Dimity Savage, cellar door manager at Parker Coonawarra Estate in South Australia, has organised the debut photography exhibition of local talent Sarah Cunningham to launch on Do It For Dolly Day.
While Do It For Dolly Day has received an outpouring of support nationwide, the cause is particularly close to home for Dimity, who helped look after Dolly as a child, and remains a close family friend.
Dimity shared Dolly’s story with photographer Sarah Cunningham, a Willalooka native, who immediately embraced the opportunity to raise money for the organisation. As part of the Penola Coonawarra Arts Festival in May, her exhibition A Single Detail portrays everyday lives, with a focus on still lifes and landscapes. A silent auction will be held throughout May, with all proceeds donated to Dolly’s Dream.
Sarah selected one of her horse images for auction as a nod to Dolly’s passion for all things equestrian. Taking place from 5-7pm on Friday 13 May, 2022, the exhibition will be held at The Stillage at Parker Coonawarra Estate, complemented with drinks and canapes. Her minimalist-style work allows the viewer to focus on the image without distraction and create their own impressions while reflecting on personal memories.
Memories of Dolly only strengthen Dimity’s commitment to providing parents with resources, proof that even the most confident young people can become victims of bullying. With her daughter Ruby now a similar age to when Dolly took her own life, raising awareness on navigating the evolving cyberworld, where much of the abuse takes place, has become ever more important.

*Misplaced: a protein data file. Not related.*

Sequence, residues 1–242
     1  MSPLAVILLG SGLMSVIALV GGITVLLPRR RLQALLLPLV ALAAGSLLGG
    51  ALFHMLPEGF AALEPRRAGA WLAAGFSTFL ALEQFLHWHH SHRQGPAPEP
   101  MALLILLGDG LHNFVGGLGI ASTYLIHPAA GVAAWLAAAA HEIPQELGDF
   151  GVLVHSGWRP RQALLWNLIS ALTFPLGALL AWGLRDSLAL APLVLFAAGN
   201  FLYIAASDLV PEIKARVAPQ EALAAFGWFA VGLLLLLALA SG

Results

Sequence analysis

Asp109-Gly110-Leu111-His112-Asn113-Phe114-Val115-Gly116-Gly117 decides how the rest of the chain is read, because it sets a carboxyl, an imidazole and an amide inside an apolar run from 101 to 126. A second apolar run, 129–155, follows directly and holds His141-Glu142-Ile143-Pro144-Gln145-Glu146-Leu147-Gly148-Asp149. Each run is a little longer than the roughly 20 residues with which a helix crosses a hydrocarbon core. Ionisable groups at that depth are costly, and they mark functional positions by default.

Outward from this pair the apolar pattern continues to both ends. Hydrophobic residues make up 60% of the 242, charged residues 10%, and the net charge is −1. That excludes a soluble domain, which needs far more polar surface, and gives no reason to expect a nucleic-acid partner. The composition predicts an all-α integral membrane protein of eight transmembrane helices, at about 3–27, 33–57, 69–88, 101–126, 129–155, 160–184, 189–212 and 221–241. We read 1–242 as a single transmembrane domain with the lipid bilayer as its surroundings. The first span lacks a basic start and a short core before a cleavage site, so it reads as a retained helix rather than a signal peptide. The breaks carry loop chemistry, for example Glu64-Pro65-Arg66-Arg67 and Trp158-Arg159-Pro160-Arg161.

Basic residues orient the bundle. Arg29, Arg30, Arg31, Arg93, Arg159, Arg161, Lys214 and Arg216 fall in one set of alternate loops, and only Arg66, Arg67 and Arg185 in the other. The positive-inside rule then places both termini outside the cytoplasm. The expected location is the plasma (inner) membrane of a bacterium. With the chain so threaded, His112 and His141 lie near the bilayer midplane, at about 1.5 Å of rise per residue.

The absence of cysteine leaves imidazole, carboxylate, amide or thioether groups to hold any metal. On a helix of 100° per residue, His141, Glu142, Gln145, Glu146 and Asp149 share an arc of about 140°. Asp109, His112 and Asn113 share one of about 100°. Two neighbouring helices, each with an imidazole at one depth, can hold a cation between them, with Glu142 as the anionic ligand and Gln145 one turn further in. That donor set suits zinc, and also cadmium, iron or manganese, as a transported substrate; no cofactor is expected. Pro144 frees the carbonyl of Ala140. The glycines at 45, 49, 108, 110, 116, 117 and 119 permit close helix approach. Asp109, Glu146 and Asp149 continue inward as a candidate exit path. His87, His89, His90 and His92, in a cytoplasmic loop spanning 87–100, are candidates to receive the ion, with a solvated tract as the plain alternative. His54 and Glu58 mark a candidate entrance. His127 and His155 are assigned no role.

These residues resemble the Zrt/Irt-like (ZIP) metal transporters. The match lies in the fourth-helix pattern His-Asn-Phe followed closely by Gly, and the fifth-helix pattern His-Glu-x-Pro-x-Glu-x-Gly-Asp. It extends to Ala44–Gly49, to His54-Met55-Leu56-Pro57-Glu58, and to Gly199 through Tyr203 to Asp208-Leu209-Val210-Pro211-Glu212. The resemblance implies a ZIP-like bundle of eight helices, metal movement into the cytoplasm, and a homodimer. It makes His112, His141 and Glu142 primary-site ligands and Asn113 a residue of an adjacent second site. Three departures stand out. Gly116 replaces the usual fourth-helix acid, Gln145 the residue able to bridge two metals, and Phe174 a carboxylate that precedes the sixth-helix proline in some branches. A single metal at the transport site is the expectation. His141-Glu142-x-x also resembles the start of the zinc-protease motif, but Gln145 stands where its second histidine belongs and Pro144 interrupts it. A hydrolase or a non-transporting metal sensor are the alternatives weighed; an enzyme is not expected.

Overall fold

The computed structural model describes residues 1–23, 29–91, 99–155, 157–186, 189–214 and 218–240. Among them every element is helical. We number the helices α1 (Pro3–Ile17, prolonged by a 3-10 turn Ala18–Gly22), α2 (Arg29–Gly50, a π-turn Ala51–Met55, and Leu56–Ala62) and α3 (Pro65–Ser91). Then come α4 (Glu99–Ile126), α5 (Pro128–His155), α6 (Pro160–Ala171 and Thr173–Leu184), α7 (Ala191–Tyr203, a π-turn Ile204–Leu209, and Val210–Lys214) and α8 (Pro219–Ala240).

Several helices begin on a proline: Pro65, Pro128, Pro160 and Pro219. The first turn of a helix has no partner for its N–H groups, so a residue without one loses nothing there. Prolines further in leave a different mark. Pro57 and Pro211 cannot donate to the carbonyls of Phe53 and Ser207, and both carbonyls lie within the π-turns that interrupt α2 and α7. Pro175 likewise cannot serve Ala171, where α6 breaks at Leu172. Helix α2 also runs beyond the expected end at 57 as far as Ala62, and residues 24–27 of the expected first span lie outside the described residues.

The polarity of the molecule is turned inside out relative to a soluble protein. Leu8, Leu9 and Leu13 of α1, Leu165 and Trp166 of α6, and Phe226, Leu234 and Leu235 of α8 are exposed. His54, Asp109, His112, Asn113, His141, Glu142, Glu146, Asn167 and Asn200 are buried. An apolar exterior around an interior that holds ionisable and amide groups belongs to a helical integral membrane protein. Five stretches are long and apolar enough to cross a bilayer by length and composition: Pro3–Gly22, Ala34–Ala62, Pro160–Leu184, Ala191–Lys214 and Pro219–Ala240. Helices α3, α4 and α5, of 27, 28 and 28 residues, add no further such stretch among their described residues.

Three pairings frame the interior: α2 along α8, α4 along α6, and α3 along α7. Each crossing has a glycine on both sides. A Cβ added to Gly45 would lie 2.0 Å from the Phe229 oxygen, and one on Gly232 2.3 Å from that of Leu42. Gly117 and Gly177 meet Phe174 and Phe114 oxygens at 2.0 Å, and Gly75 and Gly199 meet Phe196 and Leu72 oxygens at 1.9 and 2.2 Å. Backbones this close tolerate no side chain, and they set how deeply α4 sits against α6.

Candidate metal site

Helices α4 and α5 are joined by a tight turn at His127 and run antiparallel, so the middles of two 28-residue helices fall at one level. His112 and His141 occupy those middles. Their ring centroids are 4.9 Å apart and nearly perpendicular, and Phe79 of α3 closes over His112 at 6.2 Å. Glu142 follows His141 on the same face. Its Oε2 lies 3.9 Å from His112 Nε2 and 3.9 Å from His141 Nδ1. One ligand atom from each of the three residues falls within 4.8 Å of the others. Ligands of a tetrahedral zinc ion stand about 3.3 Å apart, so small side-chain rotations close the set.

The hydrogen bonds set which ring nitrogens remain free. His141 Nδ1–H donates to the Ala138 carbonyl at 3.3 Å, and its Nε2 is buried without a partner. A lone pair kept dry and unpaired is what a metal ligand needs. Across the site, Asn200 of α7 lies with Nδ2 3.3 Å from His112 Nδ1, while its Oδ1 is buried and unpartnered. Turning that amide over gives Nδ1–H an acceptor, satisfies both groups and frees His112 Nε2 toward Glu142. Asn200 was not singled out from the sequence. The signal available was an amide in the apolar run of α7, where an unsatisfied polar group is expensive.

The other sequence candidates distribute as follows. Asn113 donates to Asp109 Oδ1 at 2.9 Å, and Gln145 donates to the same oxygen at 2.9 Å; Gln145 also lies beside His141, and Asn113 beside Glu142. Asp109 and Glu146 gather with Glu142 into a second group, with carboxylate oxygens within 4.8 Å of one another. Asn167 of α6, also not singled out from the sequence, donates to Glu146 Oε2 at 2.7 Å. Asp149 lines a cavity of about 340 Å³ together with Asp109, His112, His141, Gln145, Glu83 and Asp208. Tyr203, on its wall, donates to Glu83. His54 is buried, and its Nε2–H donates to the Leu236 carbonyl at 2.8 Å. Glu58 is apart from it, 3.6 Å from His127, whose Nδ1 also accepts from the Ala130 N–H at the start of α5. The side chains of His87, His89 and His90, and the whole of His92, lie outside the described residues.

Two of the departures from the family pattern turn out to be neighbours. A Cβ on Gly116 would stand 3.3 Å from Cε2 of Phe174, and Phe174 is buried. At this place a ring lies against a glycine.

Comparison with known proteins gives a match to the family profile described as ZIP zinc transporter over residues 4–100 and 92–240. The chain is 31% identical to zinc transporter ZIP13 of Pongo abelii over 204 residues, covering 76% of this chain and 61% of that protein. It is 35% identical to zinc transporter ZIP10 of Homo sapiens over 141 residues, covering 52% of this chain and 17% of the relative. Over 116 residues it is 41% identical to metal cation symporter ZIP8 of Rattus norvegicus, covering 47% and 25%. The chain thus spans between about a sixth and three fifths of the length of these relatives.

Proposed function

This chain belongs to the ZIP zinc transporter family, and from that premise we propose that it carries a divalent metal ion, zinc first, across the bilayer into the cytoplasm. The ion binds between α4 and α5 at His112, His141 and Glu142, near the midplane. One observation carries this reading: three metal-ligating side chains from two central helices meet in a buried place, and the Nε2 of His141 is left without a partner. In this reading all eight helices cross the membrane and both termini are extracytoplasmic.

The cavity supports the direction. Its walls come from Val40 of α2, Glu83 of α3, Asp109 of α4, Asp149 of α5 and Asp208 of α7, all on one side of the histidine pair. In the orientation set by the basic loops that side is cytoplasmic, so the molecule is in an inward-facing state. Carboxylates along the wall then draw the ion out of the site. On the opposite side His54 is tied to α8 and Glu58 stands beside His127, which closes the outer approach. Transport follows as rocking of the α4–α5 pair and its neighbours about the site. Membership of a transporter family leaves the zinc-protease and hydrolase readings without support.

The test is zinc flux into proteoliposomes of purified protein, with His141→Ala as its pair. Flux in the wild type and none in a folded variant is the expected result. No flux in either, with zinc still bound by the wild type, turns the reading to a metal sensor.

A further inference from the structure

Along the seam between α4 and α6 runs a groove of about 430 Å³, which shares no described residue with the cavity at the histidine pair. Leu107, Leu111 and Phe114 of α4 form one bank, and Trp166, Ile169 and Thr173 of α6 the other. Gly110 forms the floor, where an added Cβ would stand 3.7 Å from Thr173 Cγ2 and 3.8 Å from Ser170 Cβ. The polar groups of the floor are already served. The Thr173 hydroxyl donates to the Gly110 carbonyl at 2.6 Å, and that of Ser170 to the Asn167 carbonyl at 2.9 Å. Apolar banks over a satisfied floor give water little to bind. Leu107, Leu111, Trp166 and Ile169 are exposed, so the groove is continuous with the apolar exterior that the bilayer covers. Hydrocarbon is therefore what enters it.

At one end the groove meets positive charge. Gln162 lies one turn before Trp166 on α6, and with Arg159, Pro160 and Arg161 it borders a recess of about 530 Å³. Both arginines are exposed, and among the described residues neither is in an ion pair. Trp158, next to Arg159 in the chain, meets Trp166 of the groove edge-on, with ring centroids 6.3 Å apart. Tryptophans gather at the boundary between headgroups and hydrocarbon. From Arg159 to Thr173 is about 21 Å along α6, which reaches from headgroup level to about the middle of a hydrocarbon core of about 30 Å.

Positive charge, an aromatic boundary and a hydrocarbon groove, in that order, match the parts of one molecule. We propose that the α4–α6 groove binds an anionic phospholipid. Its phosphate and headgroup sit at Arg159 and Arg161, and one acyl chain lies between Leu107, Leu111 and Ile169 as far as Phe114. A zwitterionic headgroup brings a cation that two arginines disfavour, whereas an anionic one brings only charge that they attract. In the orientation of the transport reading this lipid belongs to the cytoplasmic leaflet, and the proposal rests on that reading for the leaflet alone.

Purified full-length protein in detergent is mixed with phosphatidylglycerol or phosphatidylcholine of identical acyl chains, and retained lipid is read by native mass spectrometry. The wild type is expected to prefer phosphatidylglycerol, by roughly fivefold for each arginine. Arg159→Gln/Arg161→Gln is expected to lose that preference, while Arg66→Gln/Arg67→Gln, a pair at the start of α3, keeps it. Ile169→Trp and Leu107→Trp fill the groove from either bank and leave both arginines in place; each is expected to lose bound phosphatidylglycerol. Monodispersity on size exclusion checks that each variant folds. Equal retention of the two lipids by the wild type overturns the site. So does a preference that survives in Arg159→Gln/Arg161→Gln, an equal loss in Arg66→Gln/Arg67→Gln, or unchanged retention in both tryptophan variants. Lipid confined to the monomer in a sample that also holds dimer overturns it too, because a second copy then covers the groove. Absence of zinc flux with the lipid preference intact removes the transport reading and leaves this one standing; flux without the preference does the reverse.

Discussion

“Ruby reminds me a lot of Dolly, so it resonated pretty hard. What Kate and Tick are doing is amazing, and it’s very dear to our hearts. Raising kids in this cyberworld which is evolving so fast. I have a very sensitive, beautiful young girl. It’s confronting, so I desperately want to do anything I can to raise awareness,” said Dimity.
“Dolly’s passing was a sensational shock being such a bold, courageous young girl. My children saw me so upset so I had to explain. They know her story, and that it can happen to anyone. Having Dolly as an actual person they can refer to makes it so much more real and understandable.”
Dimity says, “I want to support that beautiful girl every day. She had so much more to give in her life. I want to normalise the conversation and make it for people. Tough, rural blokes will be one of the demographics attending the art exhibition. It doesn’t matter who or where you are — this isn’t going away. I want to make sure this day happens every year for as long as I live, and my children will continue to do the same.”
“This initiative is mind-blowing and I have the utmost respect for the family’s bravery. Rather than feeling sorry for themselves, they are doing the most important thing by making their voices heard. I wish I could make a huge statement, but I know in my heart that any gesture is enough for Kate, Tick and Meg. It means the absolute world, all the way down in South Australia. It’s nowhere near where the heart of it happens, but we have country kids on the bus who have their lunch box tipped out too — it’s everywhere.”